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Back to the future?: privatisation and the domestication of water in the Copperbelt Province of Zambia, 1900-2000

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Back to the future? privatisation and the domestication of water in the Copperbelt Province of Zambia, 1900-2000. / Kazimbaya-Senkwe, Barbara Mwila; Guy, Simon C.

In: Geoforum, Vol. 38, No. 5, 09.2007, p. 869-885.

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@article{ca98354258f74275b555822909fd05d0,
title = "Back to the future?: privatisation and the domestication of water in the Copperbelt Province of Zambia, 1900-2000",
abstract = "In Zambia's Copperbelt as in most of the developing world, the water sector is undergoing reforms targeted at promoting an active participation of the private sector. Conventional wisdom suggests that the private sector will be better able to achieve universal access as opposed to the public sector which hitherto has failed to deliver. Using archival materials from the Copperbelt Province, this paper however argues that in countries like Zambia where economic enterprise was driven by private capital, access to water has always been tied to an active involvement of the private sector. The full story of failure to provide universal access to potable water cannot be told without examining this historical role of the private sector and its relationship with the public sector. At the same time, contemporary policy debates can benefit from the resonance of historical debates around economic efficiency, demand management, health and access in the production and consumption of water. (c) 2007 Elsevier Ltd. All rights reserved.",
keywords = "water, access, private sector historical involvement, Copperbelt of Zambia, DEVELOPING-COUNTRIES, AFRICA, INFRASTRUCTURE, MANAGEMENT, POLICIES, CITY",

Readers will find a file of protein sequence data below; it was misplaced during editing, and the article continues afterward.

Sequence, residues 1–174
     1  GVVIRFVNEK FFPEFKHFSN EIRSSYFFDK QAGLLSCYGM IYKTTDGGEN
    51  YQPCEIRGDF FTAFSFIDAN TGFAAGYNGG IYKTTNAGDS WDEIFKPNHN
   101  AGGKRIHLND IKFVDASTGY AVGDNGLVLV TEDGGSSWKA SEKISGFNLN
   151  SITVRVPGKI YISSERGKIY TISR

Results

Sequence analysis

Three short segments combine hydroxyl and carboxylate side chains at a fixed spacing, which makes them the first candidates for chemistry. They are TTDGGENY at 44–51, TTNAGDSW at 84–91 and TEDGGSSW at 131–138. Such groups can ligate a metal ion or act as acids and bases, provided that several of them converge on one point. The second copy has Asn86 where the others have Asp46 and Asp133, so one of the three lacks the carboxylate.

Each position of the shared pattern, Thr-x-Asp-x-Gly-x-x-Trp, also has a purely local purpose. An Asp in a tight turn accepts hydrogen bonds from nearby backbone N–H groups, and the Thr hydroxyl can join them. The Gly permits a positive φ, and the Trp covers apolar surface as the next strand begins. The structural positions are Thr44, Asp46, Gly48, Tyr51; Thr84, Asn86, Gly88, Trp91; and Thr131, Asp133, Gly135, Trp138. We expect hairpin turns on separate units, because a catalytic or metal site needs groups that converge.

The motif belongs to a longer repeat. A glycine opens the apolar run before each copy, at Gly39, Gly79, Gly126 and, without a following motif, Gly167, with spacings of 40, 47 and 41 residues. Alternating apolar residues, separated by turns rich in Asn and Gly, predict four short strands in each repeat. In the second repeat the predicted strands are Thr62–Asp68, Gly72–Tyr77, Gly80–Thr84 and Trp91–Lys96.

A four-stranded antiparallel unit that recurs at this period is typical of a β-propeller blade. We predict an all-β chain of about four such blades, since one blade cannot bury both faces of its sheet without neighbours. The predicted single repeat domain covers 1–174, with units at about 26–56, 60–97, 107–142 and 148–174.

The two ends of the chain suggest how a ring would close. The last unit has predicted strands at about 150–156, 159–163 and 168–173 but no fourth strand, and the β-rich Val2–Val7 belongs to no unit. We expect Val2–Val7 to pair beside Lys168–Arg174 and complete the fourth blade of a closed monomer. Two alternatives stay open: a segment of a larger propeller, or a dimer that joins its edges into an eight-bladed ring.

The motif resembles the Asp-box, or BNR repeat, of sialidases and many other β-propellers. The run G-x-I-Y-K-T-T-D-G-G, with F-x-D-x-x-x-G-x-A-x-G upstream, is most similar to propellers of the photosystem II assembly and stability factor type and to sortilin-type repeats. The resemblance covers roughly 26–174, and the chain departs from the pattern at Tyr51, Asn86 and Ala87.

author = "Kazimbaya-Senkwe, {Barbara Mwila} and Guy, {Simon C.}",
year = "2007",
month = "9",
doi = "10.1016/j.geoforum.2006.12.010",
language = "English",
volume = "38",
pages = "869--885",
journal = "Geoforum",
issn = "0016-7185",
publisher = "Elsevier",
number = "5",

}

RIS

TY - JOUR

T1 - Back to the future?

T2 - privatisation and the domestication of water in the Copperbelt Province of Zambia, 1900-2000

AU - Kazimbaya-Senkwe, Barbara Mwila

AU - Guy, Simon C.

PY - 2007/9

Y1 - 2007/9

N2 - In Zambia's Copperbelt as in most of the developing world, the water sector is undergoing reforms targeted at promoting an active participation of the private sector. Conventional wisdom suggests that the private sector will be better able to achieve universal access as opposed to the public sector which hitherto has failed to deliver. Using archival materials from the Copperbelt Province, this paper however argues that in countries like Zambia where economic enterprise was driven by private capital, access to water has always been tied to an active involvement of the private sector. The full story of failure to provide universal access to potable water cannot be told without examining this historical role of the private sector and its relationship with the public sector. At the same time, contemporary policy debates can benefit from the resonance of historical debates around economic efficiency, demand management, health and access in the production and consumption of water. (c) 2007 Elsevier Ltd. All rights reserved.

AB - In Zambia's Copperbelt as in most of the developing world, the water sector is undergoing reforms targeted at promoting an active participation of the private sector. Conventional wisdom suggests that the private sector will be better able to achieve universal access as opposed to the public sector which hitherto has failed to deliver. Using archival materials from the Copperbelt Province, this paper however argues that in countries like Zambia where economic enterprise was driven by private capital, access to water has always been tied to an active involvement of the private sector. The full story of failure to provide universal access to potable water cannot be told without examining this historical role of the private sector and its relationship with the public sector. At the same time, contemporary policy debates can benefit from the resonance of historical debates around economic efficiency, demand management, health and access in the production and consumption of water. (c) 2007 Elsevier Ltd. All rights reserved.

KW - water

KW - access

KW - private sector historical involvement

KW - Copperbelt of Zambia

KW - DEVELOPING-COUNTRIES

KW - AFRICA

KW - INFRASTRUCTURE

KW - MANAGEMENT

KW - POLICIES

KW - CITY

U2 - 10.1016/j.geoforum.2006.12.010

DO - 10.1016/j.geoforum.2006.12.010

M3 - Journal article

VL - 38

SP - 869

EP - 885

JO - Geoforum

JF - Geoforum

SN - 0016-7185

IS - 5

ER -